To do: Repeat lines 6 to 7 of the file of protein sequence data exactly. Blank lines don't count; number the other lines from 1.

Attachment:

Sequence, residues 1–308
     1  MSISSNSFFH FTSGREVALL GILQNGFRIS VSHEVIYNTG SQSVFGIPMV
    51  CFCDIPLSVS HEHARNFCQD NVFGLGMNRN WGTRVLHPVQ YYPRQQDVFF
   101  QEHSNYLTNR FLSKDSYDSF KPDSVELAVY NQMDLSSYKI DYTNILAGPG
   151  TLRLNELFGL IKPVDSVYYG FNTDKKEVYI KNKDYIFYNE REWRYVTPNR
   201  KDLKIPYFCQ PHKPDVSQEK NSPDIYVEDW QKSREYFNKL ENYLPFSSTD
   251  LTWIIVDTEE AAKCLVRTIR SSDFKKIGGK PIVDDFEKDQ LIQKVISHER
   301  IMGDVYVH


   201  KDLKIPYFCQ PHKPDVSQEK NSPDIYVEDW QKSREYFNKL ENYLPFSSTD
   251  LTWIIVDTEE AAKCLVRTIR SSDFKKIGGK PIVDDFEKDQ LIQKVISHER